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Comment Re:Commitment to stability (Score 1) 149

Not disagreeing with you, but a nullptr-to-reference cast would at least crash immediately (unless you have a compiler that takes "undefined behavior" too literally). Here's another contrived example:

const char *c = std::string("oops").c_str();

I'm not a c++ expert but I'm pretty sure 'c' now points to freed memory. The real problem is that the code will usually work until a customer runs it. And solutions like valgrind aren't always optimal (consider code coverage and execution speed) or even necessarily available, depending on your platform.

Rust eliminates this class of errors (and several others) entirely, unless you are abusing 'unsafe' (which you can at least grep for in your code) as you mentioned.

I would like Rust to succeed. In several ways, it is basically a 'better' C++ without the C baggage that a lot of people seem to want, and it is clear that Rust's developers have put a lot of thought into it. Still, the language has its warts and oddities. My biggest concern is that support for implementing intrusive data structures (you can Google that, but the Linux kernel's double-linked lists is an example) seemed to be possible, but not Easy, and I think it should be. I also haven't wrapped my head around Rust's lifetimes yet, but it looks clunky. Other things (slow compiler, incomplete library support) should get better with time.

I wish the Rust guys the best of luck, and look forward to using it.

Comment Re:Full of BS (Score 1) 292

As a data point of one, I'm still running with the 4GB of OCZ ram I bought from newegg (I think) in 2009 and have had no problems. The reviews on that product were also decent.

After reading reviews of their SSD drives, though, I'd avoid those.

I guess the message here (if any) is, pay attention to the reviews on the product. If people say it's crap, it probably is.

Comment Re:Pay Decrease? (Score 2) 261

Money isn't everything to everyone. If you were being paid $500.00 per hour to shovel out a barn, wouldn't you take a job that offered something more fun like programing with python even if it paid $490.00 per hour?

Depends on the job. Which one do I take to wade through the least amount of bullshit?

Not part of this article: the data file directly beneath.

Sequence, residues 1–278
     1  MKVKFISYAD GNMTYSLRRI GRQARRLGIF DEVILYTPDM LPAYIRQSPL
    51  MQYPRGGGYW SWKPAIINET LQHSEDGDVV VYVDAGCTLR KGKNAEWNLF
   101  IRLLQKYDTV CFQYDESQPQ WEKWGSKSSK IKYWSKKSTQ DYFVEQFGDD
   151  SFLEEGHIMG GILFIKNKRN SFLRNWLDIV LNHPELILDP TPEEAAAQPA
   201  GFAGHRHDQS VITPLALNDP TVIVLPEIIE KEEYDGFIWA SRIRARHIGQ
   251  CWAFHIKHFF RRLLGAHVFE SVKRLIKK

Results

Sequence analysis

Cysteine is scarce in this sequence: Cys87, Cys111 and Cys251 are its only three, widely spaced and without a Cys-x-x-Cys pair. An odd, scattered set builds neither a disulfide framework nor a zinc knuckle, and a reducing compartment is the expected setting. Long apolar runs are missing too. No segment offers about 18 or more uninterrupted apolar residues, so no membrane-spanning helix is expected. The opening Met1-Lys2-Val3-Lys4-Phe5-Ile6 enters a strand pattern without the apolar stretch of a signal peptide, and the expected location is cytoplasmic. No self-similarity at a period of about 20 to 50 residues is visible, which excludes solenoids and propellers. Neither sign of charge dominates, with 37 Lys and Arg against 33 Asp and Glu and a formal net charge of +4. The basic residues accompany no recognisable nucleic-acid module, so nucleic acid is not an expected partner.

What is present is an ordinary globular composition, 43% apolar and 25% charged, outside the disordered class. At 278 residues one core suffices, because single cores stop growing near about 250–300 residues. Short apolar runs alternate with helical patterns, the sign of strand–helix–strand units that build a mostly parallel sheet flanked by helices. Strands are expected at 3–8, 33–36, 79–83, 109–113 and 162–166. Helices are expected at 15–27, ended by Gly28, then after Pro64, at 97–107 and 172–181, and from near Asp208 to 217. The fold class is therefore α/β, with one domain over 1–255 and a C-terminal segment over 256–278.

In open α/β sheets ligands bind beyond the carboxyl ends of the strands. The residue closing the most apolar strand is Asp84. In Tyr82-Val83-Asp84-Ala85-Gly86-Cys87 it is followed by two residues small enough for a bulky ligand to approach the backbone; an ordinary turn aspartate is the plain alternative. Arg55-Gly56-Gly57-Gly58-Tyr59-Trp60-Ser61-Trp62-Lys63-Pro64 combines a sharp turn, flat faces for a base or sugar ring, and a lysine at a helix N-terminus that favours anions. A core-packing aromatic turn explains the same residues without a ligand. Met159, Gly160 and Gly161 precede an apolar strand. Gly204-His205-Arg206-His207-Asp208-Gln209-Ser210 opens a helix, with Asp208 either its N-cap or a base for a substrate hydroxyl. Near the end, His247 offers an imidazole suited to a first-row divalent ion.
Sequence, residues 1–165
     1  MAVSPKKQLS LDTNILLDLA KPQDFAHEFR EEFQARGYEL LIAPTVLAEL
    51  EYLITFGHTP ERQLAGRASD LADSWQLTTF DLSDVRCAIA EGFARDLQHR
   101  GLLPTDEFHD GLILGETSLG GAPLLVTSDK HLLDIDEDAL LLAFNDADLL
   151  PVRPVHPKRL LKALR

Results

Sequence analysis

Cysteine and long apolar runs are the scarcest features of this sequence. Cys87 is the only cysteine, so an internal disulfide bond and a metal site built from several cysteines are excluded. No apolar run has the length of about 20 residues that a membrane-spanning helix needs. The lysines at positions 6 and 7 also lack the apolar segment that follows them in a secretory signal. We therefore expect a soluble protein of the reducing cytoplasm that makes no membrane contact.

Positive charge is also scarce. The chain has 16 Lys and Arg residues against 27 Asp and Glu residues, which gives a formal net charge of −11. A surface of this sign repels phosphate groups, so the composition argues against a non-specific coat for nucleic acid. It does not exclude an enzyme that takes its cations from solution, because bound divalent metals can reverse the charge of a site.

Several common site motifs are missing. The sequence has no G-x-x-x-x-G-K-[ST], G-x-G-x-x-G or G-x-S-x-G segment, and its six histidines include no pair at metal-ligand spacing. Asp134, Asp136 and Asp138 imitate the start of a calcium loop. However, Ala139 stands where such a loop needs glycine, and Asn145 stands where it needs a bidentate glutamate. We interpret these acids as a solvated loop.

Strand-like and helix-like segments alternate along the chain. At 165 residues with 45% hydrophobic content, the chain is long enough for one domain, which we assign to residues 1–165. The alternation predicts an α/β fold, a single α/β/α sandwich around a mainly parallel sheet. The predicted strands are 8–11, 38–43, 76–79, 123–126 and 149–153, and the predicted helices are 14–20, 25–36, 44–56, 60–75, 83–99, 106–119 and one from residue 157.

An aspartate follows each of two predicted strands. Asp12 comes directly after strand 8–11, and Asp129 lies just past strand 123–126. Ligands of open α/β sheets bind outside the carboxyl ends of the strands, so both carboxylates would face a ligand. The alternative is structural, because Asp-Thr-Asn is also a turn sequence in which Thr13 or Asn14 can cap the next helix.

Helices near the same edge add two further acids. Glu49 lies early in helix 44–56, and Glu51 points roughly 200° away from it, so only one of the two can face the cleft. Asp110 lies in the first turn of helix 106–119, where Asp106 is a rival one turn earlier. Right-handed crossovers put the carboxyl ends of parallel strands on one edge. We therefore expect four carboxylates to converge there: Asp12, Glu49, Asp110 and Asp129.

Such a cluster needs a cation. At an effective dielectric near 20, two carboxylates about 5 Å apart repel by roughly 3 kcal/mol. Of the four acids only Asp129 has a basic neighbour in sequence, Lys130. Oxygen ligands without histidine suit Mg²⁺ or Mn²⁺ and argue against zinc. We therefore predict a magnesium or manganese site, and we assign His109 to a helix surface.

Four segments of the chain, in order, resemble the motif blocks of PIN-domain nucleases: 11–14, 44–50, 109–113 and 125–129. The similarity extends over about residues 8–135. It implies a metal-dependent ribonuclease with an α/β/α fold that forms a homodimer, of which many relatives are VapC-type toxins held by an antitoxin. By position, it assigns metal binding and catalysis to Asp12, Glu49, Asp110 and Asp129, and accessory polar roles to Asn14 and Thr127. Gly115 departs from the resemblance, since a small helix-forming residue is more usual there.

I'm burnt out enough that I might try the barn for a year just for the variety.

Comment Re:Wine (Score 1) 520

Unfortunately I've had the opposite experience. Wine mostly works, and it's amazing it works as well as it does, but something is always broken just enough to make things suck.

In my case, I tried the Portal demo recently, and had random freezes every 10 sec or so that made the game unplayable. (Plus insanely slow startup on a system equipped w/an SSD, but I could deal with that.)

I was looking forward to trying a Linux version of the demo so I could buy the game if it worked. Oh well, too bad for me.

Comment Re: Crooked Judge (Score 1) 691

Why in the world would a judge hear a case when the outcome could effect his own wealth?

Not to distract from the topic at hand, but you do not appear to be familiar with the rich history of Louisiana politics. Try googling "Louisiana political corruption". (some of the links do say they've been getting sick of it post-Katrina.)

Comment Re:Just like the other vendors (Score 1) 293

Thanks for the thoughtful and comprehensive reply.

I realize and understand that C99 is not a C++ standard and that VC++'s priority is C++ support. Of course, my priorities are different. I shouldn't claim that VC++ is bad for everybody, but it is bad for me.

Speaking of VLAs specifically, they have been broken in GCC until very recently

It is true VLAs are/were 'broken' in GCC in the sense that they are not fully C99 conformant. That has been documented in the info pages for a long time. However, speaking practically, for the simple declarations I have used, I have never had a problem. Perhaps I ought to double-check that :P

it's simply non-portable in practice

I agree that non-portability across compilers would be a problem, except that of course GCC itself is so incredibly portable, and is also the preferred compiler on many non-Windows platforms.

FWIW, I am not a C99 stickler -- I only care about the parts of it that I use, and I specifically don't worry about free-form variable declarations because there is an easy fix -- declare your variables only after a block begins.

VLAs have no "easy fix" -- the closest alternative is alloca(), which my manpage claims is "buggy" on many unspecified systems, and of course, it's not really portable or standard either. Using malloc() is slower, uglier (since if you're doing it right you'll want to check the return value), and has the potential to fragment your memory.

I apologize if these points have already been debated to death in the flamewars -- I don't read that group. I also expect you are already aware of these points and were simply trying to make yours, in which case, this was a superfluous post. Oh well :P

Comment Re:Just like the other vendors (Score 1) 293

What exactly is bad about VC++ compiler? Can you be more specific? Are you unhappy about it not supporting C++ exception specifications (which no-one uses anyway)? Do you have a problem with optimization quality (in my experience, VC++ inlines things better and deeper than g++)?

VC++ doesn't support variable-length arrays. IOW it pukes on

void foobar(int i) { int myarray[i]; }

Variable-length arrays are part of the C99 standard. That's 10 years old at this point and it's a pattern I employ often. I am unsure of the status of this in VC++ 2010 (coming Real Soon) but last I heard, it still wasn't in.

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Marvelous! The super-user's going to boot me! What a finely tuned response to the situation!